New York City

NY Attorney General: Most NYC Airbnb listings violate the law

October 16, 2014 By Karen Matthews Associated Press
New York state’s Attorney General Eric Schneiderman on Thursday charged that most Airbnb listings in New York City violate the law.
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Nearly three-quarters of the New York City listings offered by the short-term rental service Airbnb violate city or state laws, New York state’s attorney general charged Thursday.

A report released Thursday by Attorney General Eric Schneiderman also charged that many of the listings are placed by commercial operators running illegal hotels, not by New Yorkers renting out a spare room.

In one instance, Schneiderman said, a single commercial user made $6.8 million.

The report is based on data obtained by Schneiderman’s office as a result of a May 2014 subpoena. It examined New York City Airbnb bookings between Jan. 1, 2010 and June 2, 2014.

During that time, the report said, 25,532 of 35,354 private short-term listings — 72 percent — violated state or city laws.

It is generally legal to rent out a room while the homeowner or tenant is present, but many listings violated city zoning laws because the legal resident of the unit was away when the Airbnb client stayed there, a spokesman for Schneiderman said.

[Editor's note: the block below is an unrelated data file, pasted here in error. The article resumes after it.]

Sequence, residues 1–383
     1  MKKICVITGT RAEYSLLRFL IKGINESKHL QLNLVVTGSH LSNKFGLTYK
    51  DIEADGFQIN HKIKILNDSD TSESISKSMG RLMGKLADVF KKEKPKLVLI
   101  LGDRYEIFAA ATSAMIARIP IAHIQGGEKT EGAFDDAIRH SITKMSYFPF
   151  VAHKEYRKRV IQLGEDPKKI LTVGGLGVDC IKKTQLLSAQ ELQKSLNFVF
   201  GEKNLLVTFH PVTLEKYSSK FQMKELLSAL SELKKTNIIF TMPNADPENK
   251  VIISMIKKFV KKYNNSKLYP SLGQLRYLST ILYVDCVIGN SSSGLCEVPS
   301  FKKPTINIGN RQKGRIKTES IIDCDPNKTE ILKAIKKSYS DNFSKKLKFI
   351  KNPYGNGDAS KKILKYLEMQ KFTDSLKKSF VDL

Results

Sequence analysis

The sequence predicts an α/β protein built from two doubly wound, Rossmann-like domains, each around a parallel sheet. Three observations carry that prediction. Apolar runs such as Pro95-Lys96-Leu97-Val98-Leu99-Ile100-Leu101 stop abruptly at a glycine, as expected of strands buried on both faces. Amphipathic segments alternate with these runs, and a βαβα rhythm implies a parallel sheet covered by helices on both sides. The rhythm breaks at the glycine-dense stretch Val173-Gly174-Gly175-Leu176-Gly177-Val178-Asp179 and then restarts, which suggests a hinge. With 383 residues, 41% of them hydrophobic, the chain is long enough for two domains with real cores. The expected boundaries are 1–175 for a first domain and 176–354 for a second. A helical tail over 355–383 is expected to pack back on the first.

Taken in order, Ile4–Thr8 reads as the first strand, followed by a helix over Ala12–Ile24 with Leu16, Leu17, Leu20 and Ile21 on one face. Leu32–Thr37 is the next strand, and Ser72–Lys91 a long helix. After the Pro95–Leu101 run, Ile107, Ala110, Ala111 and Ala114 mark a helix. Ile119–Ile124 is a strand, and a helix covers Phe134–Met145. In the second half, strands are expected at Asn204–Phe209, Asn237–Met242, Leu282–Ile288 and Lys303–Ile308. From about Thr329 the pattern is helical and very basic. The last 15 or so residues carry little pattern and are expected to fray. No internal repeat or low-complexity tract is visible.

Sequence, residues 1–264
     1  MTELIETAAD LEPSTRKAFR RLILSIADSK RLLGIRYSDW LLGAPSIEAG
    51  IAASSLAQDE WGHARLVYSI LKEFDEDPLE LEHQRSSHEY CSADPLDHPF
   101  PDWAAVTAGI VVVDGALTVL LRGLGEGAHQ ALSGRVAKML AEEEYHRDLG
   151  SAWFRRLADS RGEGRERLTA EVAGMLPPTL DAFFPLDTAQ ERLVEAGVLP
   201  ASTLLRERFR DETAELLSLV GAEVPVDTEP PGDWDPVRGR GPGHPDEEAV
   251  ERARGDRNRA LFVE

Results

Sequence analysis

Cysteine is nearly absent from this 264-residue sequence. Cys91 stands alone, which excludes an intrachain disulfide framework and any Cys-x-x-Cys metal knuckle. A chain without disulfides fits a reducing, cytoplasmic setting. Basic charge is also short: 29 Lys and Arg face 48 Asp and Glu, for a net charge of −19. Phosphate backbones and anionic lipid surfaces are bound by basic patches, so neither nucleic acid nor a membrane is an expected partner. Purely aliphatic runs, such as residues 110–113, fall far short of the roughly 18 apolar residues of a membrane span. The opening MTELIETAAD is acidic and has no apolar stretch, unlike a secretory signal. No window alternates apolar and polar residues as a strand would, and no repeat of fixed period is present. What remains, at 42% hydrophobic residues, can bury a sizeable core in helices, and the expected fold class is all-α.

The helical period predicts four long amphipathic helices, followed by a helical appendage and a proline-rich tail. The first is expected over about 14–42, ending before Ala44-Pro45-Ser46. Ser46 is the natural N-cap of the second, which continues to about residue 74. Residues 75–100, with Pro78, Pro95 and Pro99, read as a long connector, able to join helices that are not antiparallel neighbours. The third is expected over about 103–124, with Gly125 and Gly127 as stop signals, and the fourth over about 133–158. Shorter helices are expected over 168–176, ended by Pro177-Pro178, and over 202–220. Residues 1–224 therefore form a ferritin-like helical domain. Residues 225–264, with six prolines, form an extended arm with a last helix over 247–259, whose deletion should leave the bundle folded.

Additionally, he said, some listings violated state tax laws.

The report charged that large operators controlled a disproportionate number of listings.

According to the report, just 6 percent of hosts ran large-scale operations, but that group generated 36 percent of all rental transactions and collected 37 percent of total revenue, or $168 million.

Schneiderman announced the formation of a joint city-state enforcement unit that will investigate illegal hotels.

“We must ensure that, as online marketplaces revolutionize the way we live, laws designed to promote safety and quality-of-life are not forsaken under the pretext of innovation,” he said.

Airbnb said in a statement that it has helped “countless” families pay their bills and stay in their homes.

“We need to work together on some sensible rules that stop bad actors and protect regular people who simply want to share the home in which they live,” the company said. “We look forward to working with everyone in New York in the weeks ahead.”

Airbnb said it has already removed more than 2,000 of the New York listings that violated state or city laws.


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